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Self-employed, partnership or a limited company

This article is part of a whitepaper 'Giving your business the best start with tax' provided by HM Revenue & Customs (HMRC) and talks around the tax implications for the Self-employed, partnership's or limited companies.

Self-employed – Individual:

This means that you’re working for yourself, although you can also have people working for you. Your income tax, and part of your National Insurance liability, is calculated by reference to your business profi ts. The calculation and payment of the Tax/National Insurance due on profi ts is done through self assessment. If you have employees you will have to operate Pay As You Earn on their earnings. You will also need to register the business to pay VAT, once sales reach the VAT registration threshold.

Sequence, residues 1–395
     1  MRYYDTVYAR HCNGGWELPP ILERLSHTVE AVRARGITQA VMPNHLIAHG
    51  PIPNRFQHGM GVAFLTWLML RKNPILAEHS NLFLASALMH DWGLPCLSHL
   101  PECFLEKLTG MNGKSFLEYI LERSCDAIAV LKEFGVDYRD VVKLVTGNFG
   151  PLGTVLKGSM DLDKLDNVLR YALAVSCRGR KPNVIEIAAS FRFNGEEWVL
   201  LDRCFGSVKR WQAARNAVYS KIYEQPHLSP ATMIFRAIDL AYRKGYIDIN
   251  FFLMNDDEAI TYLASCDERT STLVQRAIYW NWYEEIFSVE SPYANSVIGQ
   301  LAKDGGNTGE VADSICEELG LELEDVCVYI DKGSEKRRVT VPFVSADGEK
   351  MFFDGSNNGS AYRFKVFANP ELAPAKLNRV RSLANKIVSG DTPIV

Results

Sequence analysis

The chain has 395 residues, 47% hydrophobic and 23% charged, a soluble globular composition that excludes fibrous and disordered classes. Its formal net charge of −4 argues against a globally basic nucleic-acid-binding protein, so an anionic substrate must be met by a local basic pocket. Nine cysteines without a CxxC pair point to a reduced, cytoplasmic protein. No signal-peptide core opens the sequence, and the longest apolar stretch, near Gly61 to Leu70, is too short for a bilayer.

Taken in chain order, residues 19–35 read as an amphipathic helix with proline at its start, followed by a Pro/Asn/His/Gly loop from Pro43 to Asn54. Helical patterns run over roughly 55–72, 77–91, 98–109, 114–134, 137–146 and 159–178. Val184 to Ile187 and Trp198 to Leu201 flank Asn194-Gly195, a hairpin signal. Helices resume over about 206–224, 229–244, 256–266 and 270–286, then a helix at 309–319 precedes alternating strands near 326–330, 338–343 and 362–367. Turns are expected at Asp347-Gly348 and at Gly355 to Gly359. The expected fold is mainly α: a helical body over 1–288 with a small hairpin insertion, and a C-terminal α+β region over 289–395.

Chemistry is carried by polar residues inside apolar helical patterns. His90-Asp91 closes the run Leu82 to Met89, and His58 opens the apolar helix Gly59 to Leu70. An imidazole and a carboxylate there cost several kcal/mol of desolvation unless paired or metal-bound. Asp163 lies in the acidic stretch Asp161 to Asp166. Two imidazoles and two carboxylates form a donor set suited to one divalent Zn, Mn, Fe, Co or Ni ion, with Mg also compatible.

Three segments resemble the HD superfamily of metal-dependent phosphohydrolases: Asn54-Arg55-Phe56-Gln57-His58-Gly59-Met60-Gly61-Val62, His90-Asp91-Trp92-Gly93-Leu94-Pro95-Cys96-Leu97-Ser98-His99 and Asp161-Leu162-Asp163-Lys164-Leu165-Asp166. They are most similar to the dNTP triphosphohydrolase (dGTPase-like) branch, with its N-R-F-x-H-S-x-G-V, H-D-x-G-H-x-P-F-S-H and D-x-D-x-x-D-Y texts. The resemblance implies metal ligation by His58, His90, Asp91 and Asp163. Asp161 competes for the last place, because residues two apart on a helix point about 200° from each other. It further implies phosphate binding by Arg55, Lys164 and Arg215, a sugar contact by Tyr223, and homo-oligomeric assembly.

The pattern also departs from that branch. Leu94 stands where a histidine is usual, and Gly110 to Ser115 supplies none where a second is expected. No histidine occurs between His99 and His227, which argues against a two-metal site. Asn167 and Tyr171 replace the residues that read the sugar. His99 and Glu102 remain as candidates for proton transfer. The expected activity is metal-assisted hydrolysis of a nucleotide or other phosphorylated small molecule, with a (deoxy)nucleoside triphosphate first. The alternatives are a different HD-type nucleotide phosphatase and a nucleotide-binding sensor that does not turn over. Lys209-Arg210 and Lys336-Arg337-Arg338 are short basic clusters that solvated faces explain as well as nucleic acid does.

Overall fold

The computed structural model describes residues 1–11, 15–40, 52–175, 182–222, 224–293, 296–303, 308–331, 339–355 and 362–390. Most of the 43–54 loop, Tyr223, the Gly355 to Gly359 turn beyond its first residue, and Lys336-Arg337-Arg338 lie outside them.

A partnership is where two or more people set up a business. Each partner is personally responsible for all the business debts, even if the debt was caused by another partner. Each partner pays income tax on their share of the business profi ts through Self Assessment, as well as National Insurance. A nominated partner is responsible for sending the Partnership tax return to HMRC. You will also need to register the business to pay VAT, once sales reach the VAT registration threshold.

Limited company:

A limited company is legally separate from its owners. This means the company is liable for any debts, not the individual owners. You can create your own company and register it at Companies House or you can also use a company registration agent to buy a company ’off the shelf’. There is more information in this booklet under Corporation Tax.

If you form a limited company, then, as a Director, you will also be an employee – so you need to set up and register a PAYE scheme. To do this go to or call the New Employer’s Helpline on 0845 60 70 143.

You will also need to register the business for VAT, once its sales reach the VAT registration threshold.

Managing tax and accounts for limited companies can be complicated. A solicitor or accountant will be able to offer advice on setting up a limited company and HMRC publish a number of useful guides about Corporation Tax, visit

To watch a short online video on ‘Setting up in business’ or ‘Corporation Tax’ visit

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